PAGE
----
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Opinion: It wasn't easy being a Black Catholic woman in seminary at Candler

A Methodist seminary in Atlanta is one of the few with a Catholic Studies program built in. Terresa Ford recounts her unique (and challenging) experience.

"Mary & Baby Jesus" (Terresa Ford)

As I reflect on my three years at Emory University’s Candler School of Theology in the Master of Divinity program, it is important that I express my gratitude to the faculty, staff, and students who helped me discover a way to live out my calling, my response to God’s love. Every lecture, book, paper, and project will inform my ministry from here on.

However, I would be doing a disservice to Candler if I did not acknowledge important areas of concern that affect faculty, staff, and students—that affected me. As enriching and transformative as my experience at Candler was, it was difficult being an African-American Catholic woman at Candler because my experience was not reflected in the curriculum, the student body, or the faculty.

Candler, affiliated with the United Methodist Church, offers opportunities for growth and formation for individuals of many different faith traditions. One of Candler’s newest offerings is a Catholic Studies concentration for both Catholic and non-Catholic students, which has been growing steadily for four years. Members participate in fall and spring retreat days as well as on- and off-campus Catholic-focused activities.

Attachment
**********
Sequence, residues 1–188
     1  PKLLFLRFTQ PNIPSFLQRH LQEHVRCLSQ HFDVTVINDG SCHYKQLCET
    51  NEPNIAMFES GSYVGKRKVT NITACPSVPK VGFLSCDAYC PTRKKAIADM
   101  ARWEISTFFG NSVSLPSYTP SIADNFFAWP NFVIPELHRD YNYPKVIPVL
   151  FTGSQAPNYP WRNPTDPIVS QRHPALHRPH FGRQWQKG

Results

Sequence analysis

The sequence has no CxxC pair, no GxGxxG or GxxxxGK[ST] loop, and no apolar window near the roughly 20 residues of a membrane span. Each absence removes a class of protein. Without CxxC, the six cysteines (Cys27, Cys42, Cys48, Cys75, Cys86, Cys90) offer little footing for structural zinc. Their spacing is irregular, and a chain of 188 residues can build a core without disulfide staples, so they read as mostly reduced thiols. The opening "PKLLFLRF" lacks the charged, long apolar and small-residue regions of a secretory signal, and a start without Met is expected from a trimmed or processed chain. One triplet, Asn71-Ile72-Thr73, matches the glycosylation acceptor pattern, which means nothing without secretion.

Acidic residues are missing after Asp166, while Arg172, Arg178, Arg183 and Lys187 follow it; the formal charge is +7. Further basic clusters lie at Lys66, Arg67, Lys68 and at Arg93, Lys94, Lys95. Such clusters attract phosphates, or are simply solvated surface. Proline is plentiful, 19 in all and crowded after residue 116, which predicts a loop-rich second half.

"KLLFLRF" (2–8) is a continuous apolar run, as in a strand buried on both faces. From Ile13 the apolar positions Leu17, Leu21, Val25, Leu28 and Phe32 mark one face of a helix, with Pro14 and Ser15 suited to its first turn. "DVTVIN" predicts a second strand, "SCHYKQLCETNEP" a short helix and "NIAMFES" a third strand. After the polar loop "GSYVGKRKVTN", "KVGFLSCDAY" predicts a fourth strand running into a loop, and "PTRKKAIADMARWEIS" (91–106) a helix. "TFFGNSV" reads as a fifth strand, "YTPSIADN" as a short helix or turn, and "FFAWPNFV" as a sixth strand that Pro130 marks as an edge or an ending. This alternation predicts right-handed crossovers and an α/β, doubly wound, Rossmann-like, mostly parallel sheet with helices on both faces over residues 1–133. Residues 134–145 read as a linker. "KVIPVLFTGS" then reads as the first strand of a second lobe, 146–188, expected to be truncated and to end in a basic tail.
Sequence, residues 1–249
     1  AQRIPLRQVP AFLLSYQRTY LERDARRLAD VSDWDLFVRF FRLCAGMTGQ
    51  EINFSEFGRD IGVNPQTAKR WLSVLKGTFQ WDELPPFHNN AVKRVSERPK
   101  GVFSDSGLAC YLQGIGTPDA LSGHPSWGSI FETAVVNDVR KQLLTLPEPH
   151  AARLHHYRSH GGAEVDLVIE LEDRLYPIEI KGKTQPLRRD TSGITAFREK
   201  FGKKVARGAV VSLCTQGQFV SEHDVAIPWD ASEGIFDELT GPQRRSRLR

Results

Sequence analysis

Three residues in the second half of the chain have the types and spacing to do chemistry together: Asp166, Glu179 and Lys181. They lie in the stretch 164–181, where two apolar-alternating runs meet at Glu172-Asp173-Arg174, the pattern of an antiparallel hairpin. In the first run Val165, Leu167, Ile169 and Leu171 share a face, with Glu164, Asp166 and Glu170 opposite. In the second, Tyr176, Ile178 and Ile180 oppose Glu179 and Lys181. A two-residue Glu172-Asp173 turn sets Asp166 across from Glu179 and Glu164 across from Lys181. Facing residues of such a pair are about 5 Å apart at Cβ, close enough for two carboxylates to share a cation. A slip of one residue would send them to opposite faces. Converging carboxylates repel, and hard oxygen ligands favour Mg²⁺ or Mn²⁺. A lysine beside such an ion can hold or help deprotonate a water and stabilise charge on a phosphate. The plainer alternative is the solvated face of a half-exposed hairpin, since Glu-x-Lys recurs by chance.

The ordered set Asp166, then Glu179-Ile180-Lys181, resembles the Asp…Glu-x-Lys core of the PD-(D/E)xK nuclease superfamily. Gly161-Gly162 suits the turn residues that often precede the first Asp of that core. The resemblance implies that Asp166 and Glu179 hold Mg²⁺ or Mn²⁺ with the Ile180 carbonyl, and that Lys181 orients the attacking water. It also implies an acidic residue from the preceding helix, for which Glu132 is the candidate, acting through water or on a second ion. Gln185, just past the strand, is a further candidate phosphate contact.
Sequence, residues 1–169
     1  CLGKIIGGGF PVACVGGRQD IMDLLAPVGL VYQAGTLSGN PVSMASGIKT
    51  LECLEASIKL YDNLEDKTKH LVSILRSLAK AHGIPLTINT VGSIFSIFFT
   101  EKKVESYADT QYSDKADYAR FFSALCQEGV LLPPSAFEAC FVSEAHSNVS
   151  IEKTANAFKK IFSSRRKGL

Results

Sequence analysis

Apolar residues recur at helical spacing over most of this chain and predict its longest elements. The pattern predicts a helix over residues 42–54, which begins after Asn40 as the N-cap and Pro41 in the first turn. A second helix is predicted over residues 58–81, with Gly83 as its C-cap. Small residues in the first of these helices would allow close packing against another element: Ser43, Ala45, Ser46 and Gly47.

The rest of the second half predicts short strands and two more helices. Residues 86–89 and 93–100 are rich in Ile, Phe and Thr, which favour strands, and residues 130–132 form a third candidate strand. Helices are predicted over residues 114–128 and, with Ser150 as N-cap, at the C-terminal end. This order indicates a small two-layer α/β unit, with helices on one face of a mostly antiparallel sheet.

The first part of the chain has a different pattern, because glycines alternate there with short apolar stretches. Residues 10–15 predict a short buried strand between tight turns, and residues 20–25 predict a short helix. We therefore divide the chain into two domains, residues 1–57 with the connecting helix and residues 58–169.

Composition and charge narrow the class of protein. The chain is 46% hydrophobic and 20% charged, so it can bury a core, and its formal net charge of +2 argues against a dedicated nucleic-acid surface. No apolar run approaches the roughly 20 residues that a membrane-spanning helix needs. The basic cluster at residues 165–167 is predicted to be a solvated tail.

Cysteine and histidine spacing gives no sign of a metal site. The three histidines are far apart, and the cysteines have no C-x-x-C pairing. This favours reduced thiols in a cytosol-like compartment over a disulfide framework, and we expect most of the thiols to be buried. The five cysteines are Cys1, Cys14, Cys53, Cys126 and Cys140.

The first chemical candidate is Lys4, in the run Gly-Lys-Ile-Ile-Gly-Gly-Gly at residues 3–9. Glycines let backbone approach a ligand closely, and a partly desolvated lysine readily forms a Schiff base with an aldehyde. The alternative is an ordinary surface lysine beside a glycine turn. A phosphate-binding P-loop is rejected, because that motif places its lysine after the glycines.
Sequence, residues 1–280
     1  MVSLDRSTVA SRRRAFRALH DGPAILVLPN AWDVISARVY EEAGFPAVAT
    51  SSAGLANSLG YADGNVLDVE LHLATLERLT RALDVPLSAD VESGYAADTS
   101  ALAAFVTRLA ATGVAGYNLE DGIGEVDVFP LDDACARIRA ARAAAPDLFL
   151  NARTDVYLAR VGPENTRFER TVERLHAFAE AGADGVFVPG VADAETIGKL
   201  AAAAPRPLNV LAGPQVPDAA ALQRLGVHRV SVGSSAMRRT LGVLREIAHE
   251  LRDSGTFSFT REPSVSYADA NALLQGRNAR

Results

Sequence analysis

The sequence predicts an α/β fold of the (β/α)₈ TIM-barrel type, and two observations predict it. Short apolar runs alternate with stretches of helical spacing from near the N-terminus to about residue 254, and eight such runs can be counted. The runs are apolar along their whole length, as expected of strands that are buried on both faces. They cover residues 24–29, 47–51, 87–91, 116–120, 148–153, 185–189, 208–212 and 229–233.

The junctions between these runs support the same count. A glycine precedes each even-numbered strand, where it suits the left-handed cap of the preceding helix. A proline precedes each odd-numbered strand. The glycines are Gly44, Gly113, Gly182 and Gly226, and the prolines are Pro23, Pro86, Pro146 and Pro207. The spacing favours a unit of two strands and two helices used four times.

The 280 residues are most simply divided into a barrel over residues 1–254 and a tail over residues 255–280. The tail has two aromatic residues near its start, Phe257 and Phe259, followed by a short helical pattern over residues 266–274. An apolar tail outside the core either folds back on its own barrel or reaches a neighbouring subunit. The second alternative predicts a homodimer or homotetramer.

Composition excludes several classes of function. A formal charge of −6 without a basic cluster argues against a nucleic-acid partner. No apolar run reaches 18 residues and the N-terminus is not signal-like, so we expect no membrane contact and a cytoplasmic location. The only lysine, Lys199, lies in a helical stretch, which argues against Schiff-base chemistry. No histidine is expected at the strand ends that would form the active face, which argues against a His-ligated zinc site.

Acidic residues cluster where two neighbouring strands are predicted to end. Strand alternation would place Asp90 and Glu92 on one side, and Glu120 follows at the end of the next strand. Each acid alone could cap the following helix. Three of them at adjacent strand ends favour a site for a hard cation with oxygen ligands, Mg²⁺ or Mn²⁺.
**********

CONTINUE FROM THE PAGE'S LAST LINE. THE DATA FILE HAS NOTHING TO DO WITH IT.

During the 2021-2022 academic year, I helped establish a Catholic Studies formation community called Bethany House that hosted several educational and social events for both Catholic and non-Catholic faculty and students. In all these ways, Candler is clearly committed to the Catholic community on campus.

Dr. Antonio "Tony" Alonso, director of the Catholic Studies program at Candler, with Byron Wratee in 2017 on Aquinas Day, an annual celebration at the school. (Emory University)

However, though the Catholic studies curriculum intends to be comprehensive and is becoming moreso every semester, there is a conspicuous deficiency. The curriculum focuses on American Catholicism as if it only includes a homogenous group of middle to upper-class White Catholics. There is little to no mention of African-American, Latinx-American, Haitian-American, Korean-American, or other non-White Catholic history, culture, or tradition. This does an enormous disservice to both Catholic and non-Catholic students and faculty.

The fallacy that American Catholicism is a culturally White phenomenon perpetuates dangerous stereotypes and misinformation. It is a whitewashing of the faith. American Catholicism, in its truest form, is as culturally and ethnically diverse as America is. The story goes beyond the White experience. As such, the culture of invisibility and exclusion in Candler's Catholic Studies program systematically undermined its sincere attempts to create a community of inclusion that welcomed all kinds of American Catholics.

To be sure, the Catholic student community has grown by leaps and bounds since I started my program in 2019. Enrollment of Catholic students is up, and there is a visible presence on campus. For example, this year’s students and faculty have been praying the rosary publicly on campus. However, this is not enough. Candler must do better.